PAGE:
Yesterday, I came across one of the harshest, most wildly bold essays I’ve ever read concerning film. The piece, entitled “Is The Help the Most Loathsome Movie in America?” is searing, direct and, most importantly, 100 percent accurate.
In Touré’s essay for Time Magazine, he compares the experience of watching Tate Taylor’s film to that of “visual waterboarding,” saying that the movie depicted a world where "blacks are basically a step away from slaves,” which, whether or not you liked the film, is a very true statement. The essay also effortlessly captures how completely reductive the film is, among other things.
Let’s move away from the fact that The Help is not well written, very clumsily edited, aimlessly shot and does nothing at all to achieve what its tagline promises. Basically, let’s take film criticism out of the equation.
Touré’s comparison to the lack of consequence or violence in the film as being “historically absurd,” and “Dalí-esque” is ingenious. That was one of the many issues I had with the movie, and the main one I want to discuss here.
The era surrounding The Civil Rights Movement is something that fascinates me. I love reading and studying about the fight, the struggle, the pain, and the subsequent accomplishment. With that in mind, I am in no way a historian, and I’m not going to pretend to be one. I don’t need to see a maid be beat (or shot) by her employer, or a man be lynched by bloodthirsty whites for a film to be effective. I don’t take issue with a PG-13 movie detailing a very un-PG-13 time in American history (Spike Lee’s masterpiece, Malcolm X is evidence of this). But I do need substance. I need to believe that the world the characters are living in is indeed real, which is certainly not the case in The Help. Imagine a history teacher showing The Help to his or her sixth grade students. With no prior knowledge of African-American struggle in America, these kids would assume that life in the Deep South wasn’t that bad for black people in the ‘60s.
My go-to argument for The Help is that it is a Lifetime Movie of the Week. No style, no substance; glossed-over schwag desperately grasping at the tender hearts of its viewers. And that’s me being kind. Because, after all, who am I to intrude on the opinions of other people?
It isn’t just members of the Academy who drank the Kool-Aid – the movie netted roughly $144 million in profit and was received moderately well among critics. This praise isn’t without merit. I’ve said from the beginning that Viola Davis and Jessica Chastain did wonders with the remarkably weak material they were given (I’m talking about Taylor’s script, not Kathryn Stockett’s book, which I have no intention of ever reading – period). I still do not understand the praise for Octavia Spencer, her performance seemed like a cookie-cutter Mad Black Woman role, or, as Touré asserts, a modernized Hattie McDaniel.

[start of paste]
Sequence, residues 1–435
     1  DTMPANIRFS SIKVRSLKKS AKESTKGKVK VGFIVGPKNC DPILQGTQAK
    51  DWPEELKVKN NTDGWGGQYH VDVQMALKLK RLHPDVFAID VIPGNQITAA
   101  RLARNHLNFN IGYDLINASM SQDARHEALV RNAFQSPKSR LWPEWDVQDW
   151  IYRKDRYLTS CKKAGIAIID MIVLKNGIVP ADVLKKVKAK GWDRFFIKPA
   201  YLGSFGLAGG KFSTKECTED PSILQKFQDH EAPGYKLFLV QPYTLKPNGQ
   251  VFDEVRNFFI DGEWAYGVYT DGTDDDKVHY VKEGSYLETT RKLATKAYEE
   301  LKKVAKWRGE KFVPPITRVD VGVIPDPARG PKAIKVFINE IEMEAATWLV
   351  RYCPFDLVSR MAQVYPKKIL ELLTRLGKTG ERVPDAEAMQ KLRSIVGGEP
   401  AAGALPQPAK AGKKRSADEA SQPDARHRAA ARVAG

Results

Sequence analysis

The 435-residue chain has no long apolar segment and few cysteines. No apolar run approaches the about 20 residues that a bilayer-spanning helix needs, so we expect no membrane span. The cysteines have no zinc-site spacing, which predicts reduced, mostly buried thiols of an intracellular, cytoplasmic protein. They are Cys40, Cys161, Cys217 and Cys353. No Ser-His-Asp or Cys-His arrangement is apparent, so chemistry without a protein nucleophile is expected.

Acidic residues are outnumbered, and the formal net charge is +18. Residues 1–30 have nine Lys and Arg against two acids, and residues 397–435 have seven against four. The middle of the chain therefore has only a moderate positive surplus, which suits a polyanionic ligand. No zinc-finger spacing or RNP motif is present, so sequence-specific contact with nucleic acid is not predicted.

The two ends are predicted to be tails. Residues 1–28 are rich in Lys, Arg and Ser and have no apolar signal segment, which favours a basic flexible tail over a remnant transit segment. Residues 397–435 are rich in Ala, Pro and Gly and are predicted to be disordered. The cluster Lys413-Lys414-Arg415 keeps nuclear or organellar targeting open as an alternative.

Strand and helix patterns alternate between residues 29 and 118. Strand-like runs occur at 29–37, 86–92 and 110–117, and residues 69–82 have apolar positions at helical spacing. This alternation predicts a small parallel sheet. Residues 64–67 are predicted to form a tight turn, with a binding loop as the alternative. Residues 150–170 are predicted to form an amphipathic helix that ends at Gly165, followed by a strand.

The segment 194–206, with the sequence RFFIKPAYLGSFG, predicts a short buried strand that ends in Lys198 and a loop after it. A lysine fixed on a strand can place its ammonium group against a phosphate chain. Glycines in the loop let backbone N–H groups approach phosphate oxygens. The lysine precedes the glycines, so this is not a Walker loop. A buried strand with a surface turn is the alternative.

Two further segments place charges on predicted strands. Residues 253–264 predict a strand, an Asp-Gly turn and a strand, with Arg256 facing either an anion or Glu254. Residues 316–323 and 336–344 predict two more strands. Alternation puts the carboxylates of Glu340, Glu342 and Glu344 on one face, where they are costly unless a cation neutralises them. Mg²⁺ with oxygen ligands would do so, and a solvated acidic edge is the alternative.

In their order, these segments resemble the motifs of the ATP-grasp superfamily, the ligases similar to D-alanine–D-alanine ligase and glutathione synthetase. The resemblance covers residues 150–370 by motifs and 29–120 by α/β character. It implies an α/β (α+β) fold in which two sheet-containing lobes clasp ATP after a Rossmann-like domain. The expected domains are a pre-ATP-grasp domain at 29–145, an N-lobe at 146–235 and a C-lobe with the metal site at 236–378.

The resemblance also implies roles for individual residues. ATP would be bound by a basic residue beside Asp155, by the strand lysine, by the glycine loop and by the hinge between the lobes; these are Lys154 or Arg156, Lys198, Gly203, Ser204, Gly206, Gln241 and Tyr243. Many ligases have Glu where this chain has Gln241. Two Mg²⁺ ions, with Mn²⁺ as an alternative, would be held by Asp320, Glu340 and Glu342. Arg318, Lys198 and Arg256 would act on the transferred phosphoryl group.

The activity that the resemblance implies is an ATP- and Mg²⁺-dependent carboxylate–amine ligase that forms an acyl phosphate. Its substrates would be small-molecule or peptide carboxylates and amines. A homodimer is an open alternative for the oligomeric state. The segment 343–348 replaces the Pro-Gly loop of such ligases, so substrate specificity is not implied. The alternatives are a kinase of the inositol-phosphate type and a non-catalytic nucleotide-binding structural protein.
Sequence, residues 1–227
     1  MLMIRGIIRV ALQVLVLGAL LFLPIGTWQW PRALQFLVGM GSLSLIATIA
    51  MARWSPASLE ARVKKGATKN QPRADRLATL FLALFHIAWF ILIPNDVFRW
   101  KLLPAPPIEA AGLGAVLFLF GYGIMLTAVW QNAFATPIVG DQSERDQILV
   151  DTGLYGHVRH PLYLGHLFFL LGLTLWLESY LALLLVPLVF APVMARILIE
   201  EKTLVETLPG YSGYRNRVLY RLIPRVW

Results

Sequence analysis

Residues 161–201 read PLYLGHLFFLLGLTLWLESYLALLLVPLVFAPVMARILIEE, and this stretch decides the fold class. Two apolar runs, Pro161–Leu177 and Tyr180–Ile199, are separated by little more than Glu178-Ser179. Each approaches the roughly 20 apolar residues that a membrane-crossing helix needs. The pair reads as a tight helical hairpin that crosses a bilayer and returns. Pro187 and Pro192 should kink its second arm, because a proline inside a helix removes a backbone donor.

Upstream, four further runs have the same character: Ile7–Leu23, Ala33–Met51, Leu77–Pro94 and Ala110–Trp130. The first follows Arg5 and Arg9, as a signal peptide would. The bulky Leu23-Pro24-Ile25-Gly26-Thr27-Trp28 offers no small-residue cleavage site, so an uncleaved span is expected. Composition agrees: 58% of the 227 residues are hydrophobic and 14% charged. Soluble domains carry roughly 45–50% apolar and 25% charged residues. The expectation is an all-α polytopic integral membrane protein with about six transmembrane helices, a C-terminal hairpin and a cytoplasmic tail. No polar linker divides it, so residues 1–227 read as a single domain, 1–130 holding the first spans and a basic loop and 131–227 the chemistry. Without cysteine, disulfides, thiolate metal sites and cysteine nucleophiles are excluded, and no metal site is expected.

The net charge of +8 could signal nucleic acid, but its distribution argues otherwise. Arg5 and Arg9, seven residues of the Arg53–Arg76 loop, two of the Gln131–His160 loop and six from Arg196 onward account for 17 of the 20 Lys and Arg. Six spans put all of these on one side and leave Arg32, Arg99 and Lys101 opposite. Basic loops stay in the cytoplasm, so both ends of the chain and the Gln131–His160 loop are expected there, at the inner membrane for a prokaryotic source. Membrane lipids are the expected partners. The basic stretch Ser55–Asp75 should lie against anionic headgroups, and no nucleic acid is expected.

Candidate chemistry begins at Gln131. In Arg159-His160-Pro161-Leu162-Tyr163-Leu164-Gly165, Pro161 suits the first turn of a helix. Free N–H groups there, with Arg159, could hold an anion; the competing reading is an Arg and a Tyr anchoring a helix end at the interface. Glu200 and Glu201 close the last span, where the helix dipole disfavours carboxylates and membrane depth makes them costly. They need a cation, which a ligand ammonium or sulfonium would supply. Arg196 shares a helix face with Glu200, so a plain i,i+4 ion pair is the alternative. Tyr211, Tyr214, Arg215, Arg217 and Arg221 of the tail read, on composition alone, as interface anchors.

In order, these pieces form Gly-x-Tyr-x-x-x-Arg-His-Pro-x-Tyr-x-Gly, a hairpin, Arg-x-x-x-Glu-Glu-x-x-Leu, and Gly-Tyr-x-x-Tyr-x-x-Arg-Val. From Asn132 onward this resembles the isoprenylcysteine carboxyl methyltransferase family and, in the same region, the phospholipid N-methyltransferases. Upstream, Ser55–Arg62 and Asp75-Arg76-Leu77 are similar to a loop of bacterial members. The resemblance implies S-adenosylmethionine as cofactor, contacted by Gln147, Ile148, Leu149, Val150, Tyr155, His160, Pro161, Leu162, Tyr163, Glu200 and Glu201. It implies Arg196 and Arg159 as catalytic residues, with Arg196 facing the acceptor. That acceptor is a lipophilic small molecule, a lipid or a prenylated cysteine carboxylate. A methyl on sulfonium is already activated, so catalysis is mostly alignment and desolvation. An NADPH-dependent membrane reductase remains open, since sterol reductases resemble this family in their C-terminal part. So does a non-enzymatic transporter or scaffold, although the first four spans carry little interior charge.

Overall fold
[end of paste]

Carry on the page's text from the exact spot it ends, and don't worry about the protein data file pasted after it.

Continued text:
When I first saw The Help, I was genuinely apathetic, calling it long, boring and forgettable. I gave it a C- and thought it’d go away. Obviously I was wrong (and obviously, I’d grade it much lower now).
In short, I think The Help is a huge step back. I think it’s misleading, misguided and inaccurate to the point of bafflement. You can like the film, fine; but you can’t say that it got it “right.”
Talking about steps back, I find it interesting (or sad, or pathetic, or perhaps scary) that the only none-white actors in contention for Oscars this year were nominated for playing servants. Perhaps I’m digressing from my main point here, but, yes, I understand that very few movies are made that give minorities a chance to shine and earn Oscar nominations. And I’m not even saying that last year contained a host of overlooked, Oscar-worthy performances by minorities (because it really didn’t). I’m saying that, this is 2012, and it shouldn’t take a movie about servant black women fighting The Man (or Hispanic gardeners fighting for legal status) to remind Oscar voters that minorities can act too.
When Viola Davis and Octavia Spencer (presumptively) win their Oscars later this month, you won’t hear me complaining. The movie they represent is a serious digression, but their Oscar wins will be rather progressive. But be warned: movies like The Help are dangerous. They say that it’s okay to sidestep serious issues and show people that, well, it isn’t really all that bad. Again, I don’t need brutality for a film be effective, but I do need it to be correct. At least in the world it creates. The Help appears to take place in reality. I would strongly argue otherwise.